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Thursday, October 14, 2010

Adoption in New Zealand 1881 - 1985

In 1881 the first Adoption Act was passed and provided for the legal adoption of a child under the age of 15 years. This was increased to 21 years in 1939. A magistrate made an adoption order for Europeans and by the judge in the Maori Land Court for Maori people. From 1881 - 1915, access to the original birth entry was not restricted and the entry remained the official source of information for issuing a birth certificate to an adoptee. In 1940 all pre 1916 adoption records were transferred to the Central Registry in Wellington

From 1915 changes to legislation provided for the re-registering of the adoptee's birth under their new adoptive name.

In 1924 further restrictions were placed on obtaining certified copies of the adoptees original birth certificate.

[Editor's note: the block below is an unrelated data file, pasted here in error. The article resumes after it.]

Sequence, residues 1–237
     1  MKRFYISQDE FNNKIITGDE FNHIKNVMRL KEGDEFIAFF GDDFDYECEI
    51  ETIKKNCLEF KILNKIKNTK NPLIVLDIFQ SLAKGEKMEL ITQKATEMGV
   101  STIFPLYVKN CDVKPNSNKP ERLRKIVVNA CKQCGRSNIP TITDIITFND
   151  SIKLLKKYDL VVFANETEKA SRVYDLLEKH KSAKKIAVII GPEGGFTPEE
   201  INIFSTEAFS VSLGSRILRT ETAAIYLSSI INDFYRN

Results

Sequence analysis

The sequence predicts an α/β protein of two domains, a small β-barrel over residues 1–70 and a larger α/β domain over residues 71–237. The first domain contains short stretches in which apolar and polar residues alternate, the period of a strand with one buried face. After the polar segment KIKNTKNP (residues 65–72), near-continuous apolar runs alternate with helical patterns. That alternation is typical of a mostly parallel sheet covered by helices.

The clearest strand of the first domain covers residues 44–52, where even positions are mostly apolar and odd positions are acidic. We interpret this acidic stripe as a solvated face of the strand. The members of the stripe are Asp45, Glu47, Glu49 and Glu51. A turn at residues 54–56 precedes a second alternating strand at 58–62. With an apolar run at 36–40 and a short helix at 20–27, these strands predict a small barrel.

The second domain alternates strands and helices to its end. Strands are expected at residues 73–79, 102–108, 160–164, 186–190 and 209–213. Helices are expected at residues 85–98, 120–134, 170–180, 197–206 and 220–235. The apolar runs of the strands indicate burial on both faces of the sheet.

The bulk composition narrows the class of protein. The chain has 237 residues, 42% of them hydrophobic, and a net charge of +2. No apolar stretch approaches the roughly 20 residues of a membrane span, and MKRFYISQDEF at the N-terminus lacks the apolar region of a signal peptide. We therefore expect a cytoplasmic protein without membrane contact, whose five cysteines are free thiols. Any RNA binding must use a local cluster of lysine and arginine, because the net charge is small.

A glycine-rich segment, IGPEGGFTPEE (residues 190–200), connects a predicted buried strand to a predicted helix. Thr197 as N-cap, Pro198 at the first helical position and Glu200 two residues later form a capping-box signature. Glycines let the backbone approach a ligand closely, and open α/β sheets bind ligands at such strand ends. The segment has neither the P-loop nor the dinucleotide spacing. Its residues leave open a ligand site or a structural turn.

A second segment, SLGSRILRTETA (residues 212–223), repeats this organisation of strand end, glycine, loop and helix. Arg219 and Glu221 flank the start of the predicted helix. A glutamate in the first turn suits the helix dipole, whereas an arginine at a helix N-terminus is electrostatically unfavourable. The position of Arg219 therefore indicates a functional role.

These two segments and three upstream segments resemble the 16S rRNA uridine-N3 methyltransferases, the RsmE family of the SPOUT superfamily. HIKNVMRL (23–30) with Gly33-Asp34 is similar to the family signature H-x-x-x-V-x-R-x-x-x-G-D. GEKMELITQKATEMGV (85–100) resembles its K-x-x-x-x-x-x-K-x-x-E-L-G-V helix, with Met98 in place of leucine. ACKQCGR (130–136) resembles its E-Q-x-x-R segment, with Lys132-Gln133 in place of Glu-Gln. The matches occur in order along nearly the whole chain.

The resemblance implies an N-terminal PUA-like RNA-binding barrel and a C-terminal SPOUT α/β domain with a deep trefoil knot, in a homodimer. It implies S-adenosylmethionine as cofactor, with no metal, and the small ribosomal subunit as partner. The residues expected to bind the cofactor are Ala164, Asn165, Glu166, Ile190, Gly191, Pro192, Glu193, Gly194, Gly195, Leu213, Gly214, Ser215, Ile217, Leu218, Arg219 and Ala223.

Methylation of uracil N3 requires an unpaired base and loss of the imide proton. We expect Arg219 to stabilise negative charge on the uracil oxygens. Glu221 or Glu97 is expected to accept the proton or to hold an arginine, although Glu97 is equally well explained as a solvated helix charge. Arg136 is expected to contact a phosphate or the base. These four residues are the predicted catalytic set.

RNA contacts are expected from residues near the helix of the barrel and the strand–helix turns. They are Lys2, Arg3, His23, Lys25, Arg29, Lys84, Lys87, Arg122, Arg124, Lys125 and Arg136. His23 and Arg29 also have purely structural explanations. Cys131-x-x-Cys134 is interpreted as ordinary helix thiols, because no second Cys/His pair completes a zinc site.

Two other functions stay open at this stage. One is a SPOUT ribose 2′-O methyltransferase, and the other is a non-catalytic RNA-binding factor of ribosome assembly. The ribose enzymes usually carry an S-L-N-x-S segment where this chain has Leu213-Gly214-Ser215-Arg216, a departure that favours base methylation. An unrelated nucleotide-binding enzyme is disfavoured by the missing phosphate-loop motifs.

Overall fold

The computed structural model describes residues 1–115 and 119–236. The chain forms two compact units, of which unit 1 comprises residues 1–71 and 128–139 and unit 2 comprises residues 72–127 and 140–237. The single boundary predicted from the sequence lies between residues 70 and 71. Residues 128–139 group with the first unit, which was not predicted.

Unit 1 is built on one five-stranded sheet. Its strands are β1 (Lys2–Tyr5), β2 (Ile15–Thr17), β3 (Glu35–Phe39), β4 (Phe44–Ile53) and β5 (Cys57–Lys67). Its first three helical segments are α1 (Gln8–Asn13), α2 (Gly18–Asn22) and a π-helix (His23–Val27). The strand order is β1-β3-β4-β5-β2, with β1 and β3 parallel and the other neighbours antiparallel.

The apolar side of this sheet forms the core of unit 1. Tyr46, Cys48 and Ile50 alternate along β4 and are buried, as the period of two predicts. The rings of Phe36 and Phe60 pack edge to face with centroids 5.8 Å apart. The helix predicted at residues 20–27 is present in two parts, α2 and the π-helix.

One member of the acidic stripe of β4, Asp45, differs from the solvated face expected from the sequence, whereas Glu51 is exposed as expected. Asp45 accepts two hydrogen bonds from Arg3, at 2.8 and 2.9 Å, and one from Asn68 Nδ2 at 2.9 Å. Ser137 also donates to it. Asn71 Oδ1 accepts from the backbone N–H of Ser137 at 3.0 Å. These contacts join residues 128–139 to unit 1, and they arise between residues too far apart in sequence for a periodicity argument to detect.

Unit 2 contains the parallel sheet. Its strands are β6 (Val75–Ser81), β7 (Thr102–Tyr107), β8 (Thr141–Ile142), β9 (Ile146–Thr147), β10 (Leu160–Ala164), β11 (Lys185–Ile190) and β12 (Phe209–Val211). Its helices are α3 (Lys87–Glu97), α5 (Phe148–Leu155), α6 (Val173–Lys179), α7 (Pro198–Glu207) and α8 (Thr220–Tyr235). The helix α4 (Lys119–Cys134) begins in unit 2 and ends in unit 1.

From 1955 no personal inspection of an original entry for an adopted person has been permitted.

The Adult Adoption Information Act 1985 allows a person who is adopted and who has reached 20 years of age access to their original birth record under Section 4 of the Act.

The original certificate will provide date and place of birth, sex and original names. In some instances the certificate will have details on both the birth parents.  If details of the birth parents are not recorded they may never have been registered in the first place or a veto has been placed by the birth parents. Sometimes the person placing the veto has left a letter of explanation, and request to the registrar should ask for this information plus any other non-identifying information that they may have.

Another source to check if you are unsure as to birth origins is police gazettes of mothers seeking maintenance from the alleged fathers of their illegitimate children - children both born and yet-to-be-born. Note for the years 1877 - 1925  there were a total of 1800 unmarried mothers with some 2000 babies involved, over 80% of who would have been born between the years 1900 - 1925.

The New Zealand Police Gazettes date from 1877, soon after central government took over policing. The volumes date from 1877 to 1990 when the gazette ceased publication. Access is allowed only to gazettes that are more than 100 years old. Each volume is indexed

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